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Posts tagged John Kerry

The Very Possibility

In the wake of being shown, once again, definitively, by his own people, that his only legal justification for war against Iraq turned out to be a bunch of hooey, George W. Bush responded today by showing that he has difficulty with understanding modalities:

Bush shot back a few hours later at a campaign rally in Wisconsin. Bush quoted Kerry, who wondered aloud in a speech two years ago whether Saddam Hussein might invade allies in the region or let the weapons of mass destruction he was suspected of possessing slide off to one group or another in a region where weapons are the currency or the trade.

Now today, my opponent tries to say I made up reasons to go to war, Bush told cheering supporters at an outdoor rally. Just who’s the one trying to mislead the American people?

You are, dummy.

John Kerry’s faults are many–and that’s especially true on assault on Iraq. But speculating about a dangerous possibility is different from asserting that it is actually so. Thus, Kerry favored inspections to determine whether or not this possibility was the case–backed by the threat of military force. That was a stupid-ass position, but not nearly as stupid-ass a position as the one held by Mr. Bush–who proclaimed as fact, in front of God and everybody, that Saddam Hussein’s regime possessed biological and chemical weapons, was in the process of developing nuclear weapons, and posed a grave and gathering threat to the people of the United States, and so decided to force an end to inspections for no reason whatsoever (other than the time-table of his war planners).

Kerry damn well should have known better from the start. So much the worse for him, but in light of new evidence he’s admitted that he made a mistake about Iraq. Bush, on the other hand, intends to show us how resolute a Commander-in-Chief he is by insisting that it just doesn’t matter whether or not he told a bunch of lies, and that America is safer today with Saddam Hussein in prison.

Safer from what?


photo: a MILLION march for choice!

I’m more than a little worn out from driving, so there won’t be much to say about the March tonight. But I would like to point out that it was incredible, that it was enormous, and that I’m humbled, and delighted, to have been a part of it.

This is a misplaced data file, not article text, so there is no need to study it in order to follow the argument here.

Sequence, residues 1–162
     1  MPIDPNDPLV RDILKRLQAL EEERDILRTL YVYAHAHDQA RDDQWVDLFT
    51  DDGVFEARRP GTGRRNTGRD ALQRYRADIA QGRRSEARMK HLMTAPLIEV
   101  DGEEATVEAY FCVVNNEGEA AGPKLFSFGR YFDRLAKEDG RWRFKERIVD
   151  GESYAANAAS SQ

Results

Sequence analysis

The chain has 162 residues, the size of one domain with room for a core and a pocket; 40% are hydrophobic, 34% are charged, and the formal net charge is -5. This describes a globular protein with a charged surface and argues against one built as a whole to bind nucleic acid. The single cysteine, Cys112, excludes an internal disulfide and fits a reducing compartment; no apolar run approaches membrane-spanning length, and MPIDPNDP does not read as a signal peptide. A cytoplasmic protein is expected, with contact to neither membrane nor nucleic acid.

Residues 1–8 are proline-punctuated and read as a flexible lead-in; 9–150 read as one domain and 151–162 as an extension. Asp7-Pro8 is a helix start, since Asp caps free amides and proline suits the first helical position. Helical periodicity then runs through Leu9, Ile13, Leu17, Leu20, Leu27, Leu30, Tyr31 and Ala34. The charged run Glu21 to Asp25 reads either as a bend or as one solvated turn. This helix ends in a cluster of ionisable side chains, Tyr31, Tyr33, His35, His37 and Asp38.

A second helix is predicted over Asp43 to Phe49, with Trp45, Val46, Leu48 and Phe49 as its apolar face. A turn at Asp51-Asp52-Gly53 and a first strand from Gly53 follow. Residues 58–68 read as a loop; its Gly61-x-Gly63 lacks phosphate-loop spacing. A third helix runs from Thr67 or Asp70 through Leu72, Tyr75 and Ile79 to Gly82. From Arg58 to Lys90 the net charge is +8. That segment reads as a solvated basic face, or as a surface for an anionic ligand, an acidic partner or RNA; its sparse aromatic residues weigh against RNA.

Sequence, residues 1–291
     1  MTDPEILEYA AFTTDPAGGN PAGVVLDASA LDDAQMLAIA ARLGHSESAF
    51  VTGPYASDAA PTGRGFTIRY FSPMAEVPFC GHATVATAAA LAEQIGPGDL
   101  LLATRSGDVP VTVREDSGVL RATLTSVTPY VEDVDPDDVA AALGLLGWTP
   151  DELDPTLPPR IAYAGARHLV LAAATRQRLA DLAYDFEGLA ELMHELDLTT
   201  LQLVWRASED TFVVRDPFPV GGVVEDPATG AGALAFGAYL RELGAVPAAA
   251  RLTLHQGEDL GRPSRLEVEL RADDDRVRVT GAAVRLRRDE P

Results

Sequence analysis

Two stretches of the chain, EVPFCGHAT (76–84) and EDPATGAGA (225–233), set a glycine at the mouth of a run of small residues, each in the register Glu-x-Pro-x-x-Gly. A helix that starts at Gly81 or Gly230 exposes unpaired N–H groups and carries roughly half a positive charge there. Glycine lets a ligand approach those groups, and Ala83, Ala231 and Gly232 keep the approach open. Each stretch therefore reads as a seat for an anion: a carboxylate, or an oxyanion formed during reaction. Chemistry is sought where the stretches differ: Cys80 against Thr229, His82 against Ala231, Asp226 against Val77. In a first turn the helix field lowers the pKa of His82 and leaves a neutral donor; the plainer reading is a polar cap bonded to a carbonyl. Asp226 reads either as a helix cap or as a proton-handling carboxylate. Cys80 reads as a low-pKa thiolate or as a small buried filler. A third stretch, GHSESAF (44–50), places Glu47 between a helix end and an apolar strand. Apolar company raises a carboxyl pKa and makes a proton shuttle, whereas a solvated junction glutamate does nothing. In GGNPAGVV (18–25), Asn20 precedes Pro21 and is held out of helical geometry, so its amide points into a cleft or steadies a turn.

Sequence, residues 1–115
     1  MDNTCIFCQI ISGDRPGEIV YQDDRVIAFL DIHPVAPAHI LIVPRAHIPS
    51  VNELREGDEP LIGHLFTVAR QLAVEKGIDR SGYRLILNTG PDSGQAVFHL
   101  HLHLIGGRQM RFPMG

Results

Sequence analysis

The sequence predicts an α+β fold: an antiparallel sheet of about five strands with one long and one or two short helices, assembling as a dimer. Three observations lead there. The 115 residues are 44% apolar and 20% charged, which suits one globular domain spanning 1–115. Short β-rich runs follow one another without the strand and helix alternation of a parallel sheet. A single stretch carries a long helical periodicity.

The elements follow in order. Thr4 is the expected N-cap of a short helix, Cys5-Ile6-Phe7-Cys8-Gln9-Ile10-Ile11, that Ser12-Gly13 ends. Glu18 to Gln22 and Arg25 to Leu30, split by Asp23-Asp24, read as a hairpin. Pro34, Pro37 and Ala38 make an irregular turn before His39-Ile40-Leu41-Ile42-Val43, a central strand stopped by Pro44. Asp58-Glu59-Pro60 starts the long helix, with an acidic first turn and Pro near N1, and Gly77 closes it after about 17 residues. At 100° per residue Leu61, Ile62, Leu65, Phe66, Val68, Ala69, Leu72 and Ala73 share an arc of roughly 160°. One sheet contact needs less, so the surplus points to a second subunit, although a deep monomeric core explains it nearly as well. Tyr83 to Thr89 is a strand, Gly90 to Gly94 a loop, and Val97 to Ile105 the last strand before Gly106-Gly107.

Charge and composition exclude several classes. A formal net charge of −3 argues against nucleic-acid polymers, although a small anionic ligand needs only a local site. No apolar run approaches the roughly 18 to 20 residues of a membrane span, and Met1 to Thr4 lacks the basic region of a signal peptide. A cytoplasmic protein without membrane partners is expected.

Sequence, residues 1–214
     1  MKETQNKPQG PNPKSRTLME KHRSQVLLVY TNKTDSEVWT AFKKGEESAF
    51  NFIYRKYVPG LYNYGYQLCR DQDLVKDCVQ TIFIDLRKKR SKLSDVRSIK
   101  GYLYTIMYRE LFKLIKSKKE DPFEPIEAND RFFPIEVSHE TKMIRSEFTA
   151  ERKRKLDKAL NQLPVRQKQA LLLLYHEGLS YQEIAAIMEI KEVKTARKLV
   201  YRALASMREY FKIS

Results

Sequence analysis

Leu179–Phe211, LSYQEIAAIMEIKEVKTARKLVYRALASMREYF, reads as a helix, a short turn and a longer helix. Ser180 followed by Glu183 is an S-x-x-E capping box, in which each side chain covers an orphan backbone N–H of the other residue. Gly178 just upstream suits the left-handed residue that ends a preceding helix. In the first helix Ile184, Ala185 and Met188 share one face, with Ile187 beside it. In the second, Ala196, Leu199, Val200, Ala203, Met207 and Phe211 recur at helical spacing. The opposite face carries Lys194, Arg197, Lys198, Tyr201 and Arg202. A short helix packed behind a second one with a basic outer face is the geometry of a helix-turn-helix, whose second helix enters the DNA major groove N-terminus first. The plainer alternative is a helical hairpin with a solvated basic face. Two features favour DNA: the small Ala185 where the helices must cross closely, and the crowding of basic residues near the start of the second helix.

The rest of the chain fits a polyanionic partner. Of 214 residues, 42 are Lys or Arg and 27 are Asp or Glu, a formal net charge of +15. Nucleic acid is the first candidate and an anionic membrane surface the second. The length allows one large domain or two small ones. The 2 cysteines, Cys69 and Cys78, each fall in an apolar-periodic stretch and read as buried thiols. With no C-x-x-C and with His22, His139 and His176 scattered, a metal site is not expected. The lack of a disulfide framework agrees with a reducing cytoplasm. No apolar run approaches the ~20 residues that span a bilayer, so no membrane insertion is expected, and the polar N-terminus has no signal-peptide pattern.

The organizers estimate an astounding 1.15 MILLION PEOPLE attended the March. Volunteers were working on putting together a person-by-person count; I’d be interested to see how close that poll came to the estimated figure. In any case, even the lowball police estimates (according to the Washington Post) put the figure over 750,000-850,000. No matter how you count it this was the largest march on Washington DC in history. The downtown of Washington has something of the air of a stately necropolis; but on Sunday, it was no longer the tomb of American law. It was alive and seething, and we were standing up there to make the law defend a woman’s right to control her own body.

Snide sidebar: Randall Terry gave an interview on the morning news the day of the March, promising an ocean of signs and banners to confront the marchers. It seems that like the Aral Sea, Terry’s ocean had receded quite a bit. There were a few antis strung out in ragged lines across two or three city blocks; Randall Terry positioned himself in front of some fetus signs pasted up on free standing boards. When I saw the interview on the morning news, I went back to the hotel room and made up a sign for blocking the computer-generated fetus graphics that read Randall Terry GO HOME; if I’d known what the anti contingent would be like, I would have made it Is this the best you can do?

I am awestruck and hopeful about what has just happened in the capital. This was incredible. It was historic. I only wish that I could have sat down with the organizers and talked about the mobilization effort that went into it over the past several months; I am sure that there is a fascinating story to tell about the use of the March for Women’s Lives MeetUp and other Internet geegaws for organizing, and the incredible way in which these online tools were transitioned into real offline action.